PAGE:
Side Effect Of Legal Pot: Police Budgets Take A Hit
Some U.S. states are viewing the legalization of marijuana as a chance to gain new sources of tax revenue. Several states allow its use for medical reasons; Colorado has approved its recreational use, and Washington will follow suit this year.
But the decriminalization of pot also stands to remove a funding source for police: property forfeitures from drug dealers. Such funding is “going up in smoke,” The Wall Street Journal reports.
Of the $6.5 billion in asset forfeitures in drug cases from 2002-2012, marijuana accounted for $1 billion, the Journal says, citing data from the U.S. Justice Department.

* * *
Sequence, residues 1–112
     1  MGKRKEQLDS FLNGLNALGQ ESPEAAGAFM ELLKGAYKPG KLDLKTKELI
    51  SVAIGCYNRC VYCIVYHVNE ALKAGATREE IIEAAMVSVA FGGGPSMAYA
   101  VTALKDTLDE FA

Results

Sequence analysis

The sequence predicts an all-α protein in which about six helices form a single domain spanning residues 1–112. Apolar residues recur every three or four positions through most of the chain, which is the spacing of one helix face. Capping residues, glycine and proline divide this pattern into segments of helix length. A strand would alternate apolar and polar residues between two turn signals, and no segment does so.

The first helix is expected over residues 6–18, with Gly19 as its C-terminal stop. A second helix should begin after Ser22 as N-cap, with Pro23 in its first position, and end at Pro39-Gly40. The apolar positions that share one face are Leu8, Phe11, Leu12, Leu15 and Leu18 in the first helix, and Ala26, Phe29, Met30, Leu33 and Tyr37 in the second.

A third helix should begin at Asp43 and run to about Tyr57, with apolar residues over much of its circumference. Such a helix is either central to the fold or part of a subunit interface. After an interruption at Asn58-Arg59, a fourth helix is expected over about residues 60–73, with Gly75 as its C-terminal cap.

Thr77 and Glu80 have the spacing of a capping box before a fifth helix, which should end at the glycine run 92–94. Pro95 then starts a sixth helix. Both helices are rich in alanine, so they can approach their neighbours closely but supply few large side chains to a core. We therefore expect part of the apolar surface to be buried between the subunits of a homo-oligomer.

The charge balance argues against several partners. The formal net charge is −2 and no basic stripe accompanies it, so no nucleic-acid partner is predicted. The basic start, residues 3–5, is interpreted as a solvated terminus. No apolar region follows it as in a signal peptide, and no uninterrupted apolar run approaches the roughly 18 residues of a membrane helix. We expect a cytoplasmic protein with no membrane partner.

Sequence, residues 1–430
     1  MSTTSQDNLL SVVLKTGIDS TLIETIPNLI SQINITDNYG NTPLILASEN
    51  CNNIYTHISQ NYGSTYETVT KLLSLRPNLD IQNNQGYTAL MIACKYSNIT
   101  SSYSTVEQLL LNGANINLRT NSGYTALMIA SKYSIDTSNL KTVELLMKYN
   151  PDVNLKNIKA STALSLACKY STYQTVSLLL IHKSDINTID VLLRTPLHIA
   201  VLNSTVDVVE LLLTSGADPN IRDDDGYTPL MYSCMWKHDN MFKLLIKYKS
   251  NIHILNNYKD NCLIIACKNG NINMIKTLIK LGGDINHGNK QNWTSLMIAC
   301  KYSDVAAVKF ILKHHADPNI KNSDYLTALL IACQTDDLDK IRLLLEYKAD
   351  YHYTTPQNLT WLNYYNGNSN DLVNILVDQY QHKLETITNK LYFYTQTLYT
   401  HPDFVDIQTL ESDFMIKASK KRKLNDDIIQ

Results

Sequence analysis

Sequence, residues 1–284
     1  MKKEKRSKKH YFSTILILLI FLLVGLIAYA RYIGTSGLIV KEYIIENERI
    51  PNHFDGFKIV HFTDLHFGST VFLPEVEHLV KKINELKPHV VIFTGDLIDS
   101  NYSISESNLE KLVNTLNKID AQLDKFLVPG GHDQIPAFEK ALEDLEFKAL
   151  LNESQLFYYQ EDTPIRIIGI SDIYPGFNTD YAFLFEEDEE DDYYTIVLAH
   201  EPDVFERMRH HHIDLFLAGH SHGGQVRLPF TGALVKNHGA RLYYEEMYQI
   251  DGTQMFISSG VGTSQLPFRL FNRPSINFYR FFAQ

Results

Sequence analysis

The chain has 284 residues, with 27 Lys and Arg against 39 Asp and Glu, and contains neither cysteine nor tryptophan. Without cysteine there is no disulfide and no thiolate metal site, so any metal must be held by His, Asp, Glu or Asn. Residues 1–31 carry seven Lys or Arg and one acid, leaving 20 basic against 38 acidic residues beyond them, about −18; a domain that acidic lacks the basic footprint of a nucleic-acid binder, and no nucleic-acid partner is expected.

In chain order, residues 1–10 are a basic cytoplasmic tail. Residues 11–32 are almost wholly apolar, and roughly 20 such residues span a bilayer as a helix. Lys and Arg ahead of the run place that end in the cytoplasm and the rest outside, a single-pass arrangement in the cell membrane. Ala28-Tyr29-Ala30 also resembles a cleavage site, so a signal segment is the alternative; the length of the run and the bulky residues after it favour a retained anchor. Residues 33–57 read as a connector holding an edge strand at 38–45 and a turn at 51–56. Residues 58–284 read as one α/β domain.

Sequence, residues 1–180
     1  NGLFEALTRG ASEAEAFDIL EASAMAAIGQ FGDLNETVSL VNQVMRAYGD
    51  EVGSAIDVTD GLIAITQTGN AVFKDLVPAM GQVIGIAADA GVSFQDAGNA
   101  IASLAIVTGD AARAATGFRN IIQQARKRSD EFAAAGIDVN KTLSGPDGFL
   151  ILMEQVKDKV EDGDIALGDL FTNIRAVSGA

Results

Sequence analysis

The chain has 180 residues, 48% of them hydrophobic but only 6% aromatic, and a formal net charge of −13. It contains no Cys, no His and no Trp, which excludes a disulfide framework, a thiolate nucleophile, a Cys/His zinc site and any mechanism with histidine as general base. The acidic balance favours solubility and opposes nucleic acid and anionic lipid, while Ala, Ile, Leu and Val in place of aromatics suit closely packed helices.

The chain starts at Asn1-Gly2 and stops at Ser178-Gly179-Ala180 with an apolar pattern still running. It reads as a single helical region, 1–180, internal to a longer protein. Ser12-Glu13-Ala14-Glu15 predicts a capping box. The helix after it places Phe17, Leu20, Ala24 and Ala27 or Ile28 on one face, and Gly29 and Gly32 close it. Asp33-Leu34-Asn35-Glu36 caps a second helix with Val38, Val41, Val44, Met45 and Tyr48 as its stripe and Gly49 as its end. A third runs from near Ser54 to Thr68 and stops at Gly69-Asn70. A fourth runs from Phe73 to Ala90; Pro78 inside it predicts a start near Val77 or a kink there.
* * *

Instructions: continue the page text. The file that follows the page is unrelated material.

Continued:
And while most cash generated from drug-related property forfeitures goes to the law enforcement agency that made the bust, tax money from legal marijuana sales goes to state and local governments. Police may get only a share of that money, or none at all.
In a graphic titled “Money Pot,” the Journal lists the 10 states that had the highest amounts of asset forfeitures processed by the U.S. government in that 10-year period. Here’s the list:
California — $181.4 million
New York — $101.3 million
Florida — $80.5 million
Texas — $64.3 million
Ohio — $39.2 million
Arizona — $36.8 million
Michigan — $36 million
North Carolina — $34.9 million
Georgia — $26.2 million